Rami Rayess is editor-in-chief of Lebanese Al Anbaa Electronic Newspaper (anbaaonline.com) and spokesman for the Progressive Socialist Party in Lebanon.

  • Lebanon’s economy on the verge of collapse, On: Sun, 13 Aug 2017

  • Lebanon feels the brunt of rising regional tensions, On: Sun, 23 Jul 2017

  • Consensus inevitable as Lebanon’s political map is redrawn, On: Sun, 18 Jun 2017

  • In Lebanon, political void is not an option , On: Sun, 04 Jun 2017

  • Dim prospects for Lebanon’s economy, On: Sun, 04 Jun 2017

  • Where does Lebanon stand six months after Aoun’s accession?, On: Sun, 14 May 2017

  • Is Lebanon heading towards a new political crisis?, On: Sun, 02 Apr 2017

  • The recipe for chaos in Lebanon , On: Sun, 05 Mar 2017

  • Is this the new face of fascism in the West?, On: Sun, 19 Feb 2017

  • Lebanon: Will the momentum be squandered?, On: Sun, 08 Jan 2017

  • Lebanon’s state of paralysis , On: Sun, 11 Sep 2016

  • Dim prospects for electing a new Lebanese president , On: Sun, 14 Aug 2016

  • Lebanon’s economy on the verge of collapse

    Once the law becomes fact, the additional expenditure is going to increase the strain on Lebanon’s stretched finances.

    Spiralling challenges. Lebanon’s Finance Minister Ali Hassan Khalil speaking during a news conference in Beirut. (Reuters)

    2017/08/13 Issue: 119 Page: 19

    Lebanon’s first public budget in 12 years is expected to see the light of day in the coming weeks. Af­ter years of political deadlock, the pass­ing of the budget would mark a significant step forward.

    However, encumbered by seemingly insurmountable levels of debt, a refugee population the country cannot turn its back on and few financial resources avail­able for additional investment, passing a budget is unlikely to do much to address the country’s structural economic shortfall.

    Historically, Lebanon has done little to help itself. Over­looking the repeated failures to meet constitutionally mandated deadlines to agree a budget, Lebanon’s government figures show almost crippling levels of expenditure. Approximately one-third of spending is allocated for salaries and wages while 30% services the public debt and 9% goes towards the electricity sector.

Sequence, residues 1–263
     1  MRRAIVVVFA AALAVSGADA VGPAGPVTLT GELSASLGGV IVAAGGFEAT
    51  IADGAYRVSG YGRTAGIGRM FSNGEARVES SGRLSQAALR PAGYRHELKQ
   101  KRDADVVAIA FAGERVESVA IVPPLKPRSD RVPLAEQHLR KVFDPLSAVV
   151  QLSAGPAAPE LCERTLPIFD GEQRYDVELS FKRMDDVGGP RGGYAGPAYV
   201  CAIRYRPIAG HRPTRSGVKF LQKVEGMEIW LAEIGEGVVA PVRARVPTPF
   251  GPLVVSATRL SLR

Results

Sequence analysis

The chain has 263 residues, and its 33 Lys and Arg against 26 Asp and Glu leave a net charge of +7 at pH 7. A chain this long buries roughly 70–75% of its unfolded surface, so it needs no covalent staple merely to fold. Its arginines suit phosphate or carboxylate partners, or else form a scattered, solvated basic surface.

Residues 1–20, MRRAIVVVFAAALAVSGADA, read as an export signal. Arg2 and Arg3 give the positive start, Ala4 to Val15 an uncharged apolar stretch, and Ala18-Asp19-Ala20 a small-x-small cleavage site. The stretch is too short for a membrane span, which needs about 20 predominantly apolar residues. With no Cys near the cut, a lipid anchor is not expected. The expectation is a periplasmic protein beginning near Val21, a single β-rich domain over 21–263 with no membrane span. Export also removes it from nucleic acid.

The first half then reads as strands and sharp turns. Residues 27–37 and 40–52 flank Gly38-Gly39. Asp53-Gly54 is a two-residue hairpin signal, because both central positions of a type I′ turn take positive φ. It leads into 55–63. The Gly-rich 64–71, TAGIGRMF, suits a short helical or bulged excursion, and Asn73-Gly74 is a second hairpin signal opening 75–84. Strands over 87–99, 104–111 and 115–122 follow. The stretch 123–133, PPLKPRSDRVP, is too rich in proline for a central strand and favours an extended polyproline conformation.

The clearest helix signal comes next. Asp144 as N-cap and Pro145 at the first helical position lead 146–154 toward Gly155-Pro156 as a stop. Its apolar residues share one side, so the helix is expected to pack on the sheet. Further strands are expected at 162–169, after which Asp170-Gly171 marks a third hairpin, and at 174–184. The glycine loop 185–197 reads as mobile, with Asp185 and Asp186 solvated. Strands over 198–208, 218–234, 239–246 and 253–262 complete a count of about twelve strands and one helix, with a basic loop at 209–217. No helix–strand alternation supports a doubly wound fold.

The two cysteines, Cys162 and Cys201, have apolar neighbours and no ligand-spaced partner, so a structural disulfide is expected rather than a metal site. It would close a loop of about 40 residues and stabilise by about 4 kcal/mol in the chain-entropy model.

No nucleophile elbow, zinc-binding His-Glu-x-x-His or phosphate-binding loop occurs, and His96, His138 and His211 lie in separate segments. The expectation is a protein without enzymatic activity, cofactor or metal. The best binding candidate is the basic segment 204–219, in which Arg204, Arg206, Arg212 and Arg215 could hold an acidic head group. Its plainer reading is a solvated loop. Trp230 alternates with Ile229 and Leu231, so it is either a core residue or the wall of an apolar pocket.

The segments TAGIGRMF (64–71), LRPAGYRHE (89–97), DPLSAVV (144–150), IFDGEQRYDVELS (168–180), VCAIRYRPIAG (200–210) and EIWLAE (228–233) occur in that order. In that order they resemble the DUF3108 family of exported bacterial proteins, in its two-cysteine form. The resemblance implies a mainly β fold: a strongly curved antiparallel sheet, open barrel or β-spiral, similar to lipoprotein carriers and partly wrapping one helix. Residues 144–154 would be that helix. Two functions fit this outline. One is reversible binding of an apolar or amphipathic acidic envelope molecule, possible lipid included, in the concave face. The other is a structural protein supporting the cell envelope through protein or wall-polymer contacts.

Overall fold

In total, 72% of Lebanon’s total expenditure is already fixed. Consequently, the government’s ability to initiate fundamental developmental projects or to indulge in serious reform is ham­strung before it even starts and that is unlikely to improve.

    Indicators predict public debt is expected to exceed $80 billion by the end of this year, equal to 146% of Lebanon’s gross domes­tic product.

    This is not to say that the gov­ernment is unwilling to make a bad situation worse. Pre-empting the passage of the budget was the decision in July to issue a draft law offering the country’s civil servants their first notable wage increase since 1997. Few would argue that it’s not de­served.

    However, once the president’s signature renders the law a fact, the additional expenditure is going to increase the strain on the country’s stretched finances, a fact acknowledged by Lebanese President Michel Aoun, who intimated that the budget should have been agreed first.

    Should the president refuse to sign the draft law, discussion on the topic will have to start over, achieving nothing and pleasing no one.